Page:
(TNS) — Gov. J.B. Pritzker and state road officials released details of a $23.5 billion road plan that is being fueled with higher gasoline taxes and various vehicle fees approved by lawmakers last spring.
But while Pritzker and others touted the economic and transportation benefits of the revived road plan, they also made assurances that spending on the plan will be transparent and project selections will be above board.
They were forced to take that step because of the federal raid on state Sen. Martin Sandoval's Springfield and Cicero offices and his home. The Chicago Democrat was one of the biggest cheerleaders for a new road capital plan and the higher fuel taxes needed to make it work.
The federal search warrant stated among other things agents were looking for communications with several Illinois Department of Transportation officials. Pritzker has said no subpoenas have been issued to IDOT. However, some Republicans have used the raid as justification to try to repeal the gas tax increase.
"There is no acceptance in anyway whatsoever, in fact a full-throated rejection by my administration, by this IDOT, of any of the deception, the corruption that has been uncovered or has yet to be uncovered," Pritzker said. "We are being extremely focused and careful to make sure that every dollar that gets spent in this capital plan is done completely above board and done the right way and with taxpayers in mind. Every bit of this is receiving an extra focus, an extra lens, to make sure it is done above board and everything is on the up and up."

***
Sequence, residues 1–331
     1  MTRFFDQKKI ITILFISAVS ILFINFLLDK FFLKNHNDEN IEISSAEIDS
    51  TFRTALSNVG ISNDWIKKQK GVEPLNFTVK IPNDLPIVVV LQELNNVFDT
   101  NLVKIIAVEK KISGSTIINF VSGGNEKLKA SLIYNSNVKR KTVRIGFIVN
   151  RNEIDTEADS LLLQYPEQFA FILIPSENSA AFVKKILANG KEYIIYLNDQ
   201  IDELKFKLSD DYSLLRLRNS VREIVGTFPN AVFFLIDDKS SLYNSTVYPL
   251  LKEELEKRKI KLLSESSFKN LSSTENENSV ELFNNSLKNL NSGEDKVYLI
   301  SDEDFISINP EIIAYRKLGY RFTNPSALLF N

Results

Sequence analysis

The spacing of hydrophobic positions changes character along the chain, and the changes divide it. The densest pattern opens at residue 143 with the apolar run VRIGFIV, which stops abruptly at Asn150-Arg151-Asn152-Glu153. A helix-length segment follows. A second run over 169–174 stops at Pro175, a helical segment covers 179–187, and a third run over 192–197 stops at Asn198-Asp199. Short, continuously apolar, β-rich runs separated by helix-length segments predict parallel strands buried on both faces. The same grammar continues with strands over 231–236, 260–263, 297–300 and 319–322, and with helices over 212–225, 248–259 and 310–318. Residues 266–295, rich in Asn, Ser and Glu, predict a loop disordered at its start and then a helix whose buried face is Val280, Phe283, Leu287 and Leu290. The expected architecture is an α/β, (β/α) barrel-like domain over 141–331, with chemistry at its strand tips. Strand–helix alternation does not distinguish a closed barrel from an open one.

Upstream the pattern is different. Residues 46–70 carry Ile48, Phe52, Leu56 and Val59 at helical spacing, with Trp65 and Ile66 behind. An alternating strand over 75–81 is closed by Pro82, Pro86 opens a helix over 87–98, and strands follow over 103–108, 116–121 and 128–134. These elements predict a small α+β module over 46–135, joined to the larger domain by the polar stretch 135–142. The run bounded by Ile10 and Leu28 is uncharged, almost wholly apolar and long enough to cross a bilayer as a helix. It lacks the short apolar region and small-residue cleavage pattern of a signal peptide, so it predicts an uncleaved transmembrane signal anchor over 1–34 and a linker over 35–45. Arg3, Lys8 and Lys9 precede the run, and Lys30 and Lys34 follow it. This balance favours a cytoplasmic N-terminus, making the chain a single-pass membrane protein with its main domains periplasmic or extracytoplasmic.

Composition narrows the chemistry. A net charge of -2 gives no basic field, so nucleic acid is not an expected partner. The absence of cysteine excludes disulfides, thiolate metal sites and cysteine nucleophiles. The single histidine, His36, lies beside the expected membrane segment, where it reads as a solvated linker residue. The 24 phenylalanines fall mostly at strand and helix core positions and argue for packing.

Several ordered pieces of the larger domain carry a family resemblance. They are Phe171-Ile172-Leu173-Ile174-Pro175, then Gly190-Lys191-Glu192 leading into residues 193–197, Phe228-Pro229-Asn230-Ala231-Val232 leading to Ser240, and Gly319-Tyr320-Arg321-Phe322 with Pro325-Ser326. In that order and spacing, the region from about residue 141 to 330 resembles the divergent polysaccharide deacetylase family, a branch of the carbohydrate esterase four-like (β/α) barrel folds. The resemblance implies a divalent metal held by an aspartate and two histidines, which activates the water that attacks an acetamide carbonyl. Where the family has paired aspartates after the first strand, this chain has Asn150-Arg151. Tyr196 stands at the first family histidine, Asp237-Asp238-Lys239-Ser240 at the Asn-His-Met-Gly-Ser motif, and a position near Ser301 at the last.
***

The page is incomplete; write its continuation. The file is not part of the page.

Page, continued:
Comptroller Susana Mendoza attended the news conference and said her office "will aim to break out as many of these payments as possible so that we can confirm that normal state spending is occurring."
Acting Transportation Secretary Omer Osman said the road plan is twice the size it would have been without the new capital plan passed last spring. The plan covers $23.5 billion of spending on road, bridges and other transportation projects over a six-year period. The total includes federal matching funds, but Osmon said the state will now be picking up a larger part of a project's cost.
"That will give us the flexibility of matching any federal fund," he said.
The primary revenue source for the expanded road plan is the gasoline tax lawmakers doubled last spring from 19-cents a gallon to 38-cents a gallon. It was the first increase in the tax since 1990. Between the stagnant fuel tax and increasing fuel economy of cars and trucks, the tax was no longer producing the revenue the state needed to keep up with road and bridge repairs.
State Sen. Andy Manar, D-Bunker Hill, said the highway program will put thousands of people to work across the state.
State Rep. Ryan Spain, R-Peoria, said that's just what the state needs. "In a state where we need to rebuild our economy, one of the best things we can do is invest in our infrastructure," Spain said.
One of the potential beneficiaries of that is George Alexander of Springfield, a member of Laborers Local 477. He said work on road projects usually means more shifts per week and longer work days.
"The last four or five years there hasn't been much highway work at all," he said. "This is a life-changing experience. This increases your money. You're able to take vacations and go out to eat."
Here are some projects slated for the Springfield area during the current fiscal year.
- Resurface seven miles of Interstate 55 south of Springfield for $19 million.
- New bridge deck on Interstate 72 over Wabash Avenue and the Norfolk Southern Railroad at a cost of $7.5 million.
- Resurfacing Interstate 55 from Glenarm to the Lake Springfield bridge for $19 million.
- Resurfacing and bridge work on nine miles of Interstate 55 from Illinois 16 to Illinois 108 for $22 million.
- Resurface 10 miles of Interstate 55 from Business I-55 to Illinois 10 for $18 million.
- Spending $1.3 million for engineering and land acquisition for a new U.S. 67/Illinois 100 bridge over the Illinois River at Beardstown.
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